Measure twice, cut once
by Mike Roknick
Joseph D. (Don) Sebastian, 76, of 377 Cohassett Drive, Hermitage, died on March 30, 1979, in his home after being ill for several months.
Mr. Sebastian was born in Dunbar, Pa., on July 31, 1902, to the late Daniel and Maria Pucciuto Sebastian. He married the former Sunda Bonasera on Sept. 3, 1927.
An avid musician and accordion player, he owned and operated Sebastian Music Store in Hermitage which was originally located in downtown Sharon.
Mr. Sebastian served for 36 years with the U.S. Postal Service, both as a postman and postal clerk. He worked five years with the postal service in Pittsburgh and spent the remaining 31 years at the Sharon office where he retired in 1958. While with the postal service Mr. Sebastian was a charter member of one of the first credit unions in the area, the Mercer County U.S. Employees Federal Credit Union, which was founded in 1935.
Mr. Sebastian was a member of the Senior Citizens Bowling League of the Shenango Valley and treasurer of the Wednesday Senior Citizens Bowling League at Thorton Hall, Sharon. He also helped to organize the local Order of the Sons of Italy in America No. 875. He was a member of that organization and also was a third degree member of the Knights of Columbus No. 684, Sharon.
Mr. Sebastian is remembered fondly by his family.
“My father was a great accordion player,” said his son Don. “He never had an accordion until he was 17. By the time he was in his early 20s he was teaching others how to play. He continued to teach a few years before he passed away.”
He also recalled that his father created an all-accordion band and dance bands. He wrote music continuously. Among his favorite songs that he wrote were the “The Farrell Polka” and “Wintertime Waltz.” He made records of these and other songs.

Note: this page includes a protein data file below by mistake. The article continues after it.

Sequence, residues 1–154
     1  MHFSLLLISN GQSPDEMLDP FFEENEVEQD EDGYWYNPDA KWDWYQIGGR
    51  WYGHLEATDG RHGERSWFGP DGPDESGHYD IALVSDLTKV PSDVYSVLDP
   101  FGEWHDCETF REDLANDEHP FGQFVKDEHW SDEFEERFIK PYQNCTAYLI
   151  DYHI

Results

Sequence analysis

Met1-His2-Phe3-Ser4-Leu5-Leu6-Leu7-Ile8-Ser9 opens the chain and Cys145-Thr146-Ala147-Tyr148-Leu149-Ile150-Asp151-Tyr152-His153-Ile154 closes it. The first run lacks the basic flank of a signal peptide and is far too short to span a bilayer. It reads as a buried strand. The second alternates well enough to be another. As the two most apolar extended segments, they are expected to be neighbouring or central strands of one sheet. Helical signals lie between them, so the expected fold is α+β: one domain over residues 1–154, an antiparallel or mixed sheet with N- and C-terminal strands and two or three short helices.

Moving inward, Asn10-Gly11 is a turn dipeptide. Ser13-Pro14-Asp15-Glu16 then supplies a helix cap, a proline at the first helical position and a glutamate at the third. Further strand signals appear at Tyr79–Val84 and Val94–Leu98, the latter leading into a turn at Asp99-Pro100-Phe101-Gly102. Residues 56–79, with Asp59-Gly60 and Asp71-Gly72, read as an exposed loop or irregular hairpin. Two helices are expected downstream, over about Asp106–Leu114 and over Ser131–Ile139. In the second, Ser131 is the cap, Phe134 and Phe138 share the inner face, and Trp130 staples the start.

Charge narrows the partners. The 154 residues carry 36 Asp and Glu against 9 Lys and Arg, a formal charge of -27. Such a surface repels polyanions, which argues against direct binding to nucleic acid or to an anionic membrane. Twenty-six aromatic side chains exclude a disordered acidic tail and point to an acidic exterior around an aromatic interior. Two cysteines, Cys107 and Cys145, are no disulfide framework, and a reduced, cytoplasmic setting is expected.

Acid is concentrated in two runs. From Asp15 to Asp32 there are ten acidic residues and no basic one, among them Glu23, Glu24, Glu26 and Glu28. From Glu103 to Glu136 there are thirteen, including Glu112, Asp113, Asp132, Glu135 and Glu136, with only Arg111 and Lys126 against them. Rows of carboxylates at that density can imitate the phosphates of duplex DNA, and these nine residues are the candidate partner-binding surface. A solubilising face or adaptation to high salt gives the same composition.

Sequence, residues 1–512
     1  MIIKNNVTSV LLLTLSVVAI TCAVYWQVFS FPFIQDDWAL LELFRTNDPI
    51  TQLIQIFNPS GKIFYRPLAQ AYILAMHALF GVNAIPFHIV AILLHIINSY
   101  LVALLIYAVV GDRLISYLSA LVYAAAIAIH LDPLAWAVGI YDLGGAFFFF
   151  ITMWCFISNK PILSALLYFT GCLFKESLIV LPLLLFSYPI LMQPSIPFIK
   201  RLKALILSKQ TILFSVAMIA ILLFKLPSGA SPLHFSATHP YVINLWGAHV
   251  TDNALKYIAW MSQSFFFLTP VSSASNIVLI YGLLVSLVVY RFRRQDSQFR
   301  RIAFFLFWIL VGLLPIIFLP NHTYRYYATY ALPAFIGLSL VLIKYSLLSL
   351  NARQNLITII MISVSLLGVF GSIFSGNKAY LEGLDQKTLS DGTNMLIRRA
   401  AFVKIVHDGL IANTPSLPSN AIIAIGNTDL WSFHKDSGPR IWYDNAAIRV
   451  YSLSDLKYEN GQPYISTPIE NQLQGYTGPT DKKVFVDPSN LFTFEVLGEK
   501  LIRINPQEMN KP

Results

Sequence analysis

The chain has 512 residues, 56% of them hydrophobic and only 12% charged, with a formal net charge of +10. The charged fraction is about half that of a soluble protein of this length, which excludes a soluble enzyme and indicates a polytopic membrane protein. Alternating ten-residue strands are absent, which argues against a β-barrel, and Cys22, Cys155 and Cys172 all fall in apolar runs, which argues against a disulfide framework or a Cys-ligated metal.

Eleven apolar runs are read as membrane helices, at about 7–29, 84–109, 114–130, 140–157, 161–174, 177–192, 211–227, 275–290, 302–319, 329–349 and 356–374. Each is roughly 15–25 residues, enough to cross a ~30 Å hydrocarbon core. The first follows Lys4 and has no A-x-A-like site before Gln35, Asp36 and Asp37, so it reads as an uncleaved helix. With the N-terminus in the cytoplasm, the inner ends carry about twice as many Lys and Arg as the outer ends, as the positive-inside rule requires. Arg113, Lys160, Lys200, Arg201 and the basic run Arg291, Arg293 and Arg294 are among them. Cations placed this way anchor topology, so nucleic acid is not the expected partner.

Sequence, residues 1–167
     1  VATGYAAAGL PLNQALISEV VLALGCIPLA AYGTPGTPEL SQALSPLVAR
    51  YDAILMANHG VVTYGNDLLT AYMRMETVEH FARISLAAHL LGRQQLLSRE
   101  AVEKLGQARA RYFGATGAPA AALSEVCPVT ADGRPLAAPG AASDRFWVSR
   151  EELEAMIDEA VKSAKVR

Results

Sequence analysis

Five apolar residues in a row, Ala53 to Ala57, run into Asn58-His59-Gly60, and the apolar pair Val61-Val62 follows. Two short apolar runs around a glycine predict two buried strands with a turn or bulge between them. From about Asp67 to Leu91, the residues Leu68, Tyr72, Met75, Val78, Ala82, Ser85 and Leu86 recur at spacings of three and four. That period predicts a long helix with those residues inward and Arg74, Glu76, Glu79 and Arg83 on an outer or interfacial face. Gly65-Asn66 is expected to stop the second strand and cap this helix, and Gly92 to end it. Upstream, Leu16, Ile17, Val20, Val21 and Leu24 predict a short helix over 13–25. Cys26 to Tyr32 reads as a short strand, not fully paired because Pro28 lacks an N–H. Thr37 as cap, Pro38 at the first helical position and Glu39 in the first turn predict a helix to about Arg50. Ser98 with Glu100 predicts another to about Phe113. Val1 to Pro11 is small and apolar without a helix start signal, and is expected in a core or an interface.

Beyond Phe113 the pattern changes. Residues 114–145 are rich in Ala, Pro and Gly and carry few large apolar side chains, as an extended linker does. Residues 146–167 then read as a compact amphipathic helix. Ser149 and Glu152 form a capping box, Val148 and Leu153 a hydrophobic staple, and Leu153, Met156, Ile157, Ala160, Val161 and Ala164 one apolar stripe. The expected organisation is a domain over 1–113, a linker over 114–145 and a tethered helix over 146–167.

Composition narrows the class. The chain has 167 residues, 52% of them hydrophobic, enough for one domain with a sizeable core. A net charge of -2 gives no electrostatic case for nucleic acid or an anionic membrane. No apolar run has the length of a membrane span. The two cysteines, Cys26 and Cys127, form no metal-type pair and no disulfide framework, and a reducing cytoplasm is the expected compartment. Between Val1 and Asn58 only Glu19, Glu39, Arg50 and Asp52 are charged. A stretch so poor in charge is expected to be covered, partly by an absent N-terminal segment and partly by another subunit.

“He got me started in playing and teaching music and that’s how I got myself through college,’’ Don said.
While his formal name was Joseph, fellow workers at the post office knew Mr. Sebastian as J. Don, and those in the music world knew him as Don.
As Mr. Sebastian’s music career grew, he bought a top-of-the-line accordion in the early 1940s that listed for $1,000 – an enormous sum at the time. He promoted himself as “Don Sebastian and his $1,000 accordion,” Don said.
Don recalled the time when his father bought a new car for the family in 1948. Cars were scarce at the time because car production ceased during World War II. But instead of using the car himself Mr. Sebastian turned the keys over to the rest of his family.
“Many times he walked to work while I drove to school,” Don said.
His other son, Joseph Jr., recalls that music was the love of Mr. Sebastian’s life.
“That wasn’t his vocation, it was his avocation,” Joseph said. “He told me one time, ‘Without music there’s nothing.'”
During the Great Depression one of Mr. Sebastian’s students wanted to buy an accordion, Joseph said. But the student couldn’t afford the accordion.
“My father just told him to pay him off when he could,” Joseph said.
His love of music was so overpowering that he retired from the postal service at age 55 so he could devote all of his time to music. A number of times Mr. Sebastian added players to his band to make it sound better even though by doing that it cost him extra money.
Mr. Sebastian and George Tomko, a supervisor at the Sharon post office, would travel throughout the area playing music. Tomko was known for his voice. Both of the men also could be heard on local radio stations.
“He had a radio show on WPIC in Sharon on Sunday afternoon,” said Joseph. “I usually made a recording of it so he could scrutinize it later.
He went on to teach many students who became professional accordion players. Joseph also remembers that his father’s band played at the Blue Sky Inn in Greenville for several years.
“They had quite a following of people who loved Polkas,” Joseph said.
“I don’t remember him missing a day of work,” Don said. “He was very generous and would do anything for his family.”
Mr. Sebastian had a famous saying when it came to doing things. “I always remember Dad saying, ‘Measure twice and cut once,’ ” son Joseph recalls.